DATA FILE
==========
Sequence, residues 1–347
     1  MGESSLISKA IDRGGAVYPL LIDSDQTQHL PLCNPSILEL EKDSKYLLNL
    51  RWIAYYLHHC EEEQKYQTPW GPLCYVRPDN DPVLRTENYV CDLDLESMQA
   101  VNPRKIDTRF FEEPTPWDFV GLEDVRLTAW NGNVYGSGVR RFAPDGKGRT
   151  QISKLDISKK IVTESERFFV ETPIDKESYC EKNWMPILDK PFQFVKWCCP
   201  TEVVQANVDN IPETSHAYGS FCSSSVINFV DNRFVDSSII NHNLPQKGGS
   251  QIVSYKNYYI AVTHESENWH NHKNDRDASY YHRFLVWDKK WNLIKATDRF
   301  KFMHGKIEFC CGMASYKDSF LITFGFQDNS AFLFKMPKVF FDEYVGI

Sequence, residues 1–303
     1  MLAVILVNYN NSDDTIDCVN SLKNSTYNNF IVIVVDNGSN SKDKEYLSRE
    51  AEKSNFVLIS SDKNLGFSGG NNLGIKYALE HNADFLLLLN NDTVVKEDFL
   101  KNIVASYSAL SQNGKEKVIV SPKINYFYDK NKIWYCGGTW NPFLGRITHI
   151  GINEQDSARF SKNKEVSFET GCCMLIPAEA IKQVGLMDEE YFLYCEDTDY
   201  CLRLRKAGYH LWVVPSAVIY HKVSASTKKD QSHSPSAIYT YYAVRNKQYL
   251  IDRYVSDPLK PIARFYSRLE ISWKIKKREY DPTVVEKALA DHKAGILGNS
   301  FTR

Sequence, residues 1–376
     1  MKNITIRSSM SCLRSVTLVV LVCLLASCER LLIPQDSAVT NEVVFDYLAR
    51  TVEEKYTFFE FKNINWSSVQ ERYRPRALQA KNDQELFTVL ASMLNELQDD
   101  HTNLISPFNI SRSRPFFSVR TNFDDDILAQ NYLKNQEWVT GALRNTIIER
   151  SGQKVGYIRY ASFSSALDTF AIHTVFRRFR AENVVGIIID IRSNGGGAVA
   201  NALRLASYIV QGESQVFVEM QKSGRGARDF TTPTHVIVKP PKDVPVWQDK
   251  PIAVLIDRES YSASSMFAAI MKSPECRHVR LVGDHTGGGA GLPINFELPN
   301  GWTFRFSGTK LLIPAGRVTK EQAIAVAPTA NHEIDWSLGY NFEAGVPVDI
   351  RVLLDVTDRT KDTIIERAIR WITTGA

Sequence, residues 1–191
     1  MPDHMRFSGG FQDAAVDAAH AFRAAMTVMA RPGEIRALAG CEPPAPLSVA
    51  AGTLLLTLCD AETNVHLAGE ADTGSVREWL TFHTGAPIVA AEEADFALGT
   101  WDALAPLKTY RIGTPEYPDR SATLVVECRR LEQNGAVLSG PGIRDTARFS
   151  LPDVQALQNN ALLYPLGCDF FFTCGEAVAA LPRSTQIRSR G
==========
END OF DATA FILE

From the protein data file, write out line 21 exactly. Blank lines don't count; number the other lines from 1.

   151  SGQKVGYIRY ASFSSALDTF AIHTVFRRFR AENVVGIIID IRSNGGGAVA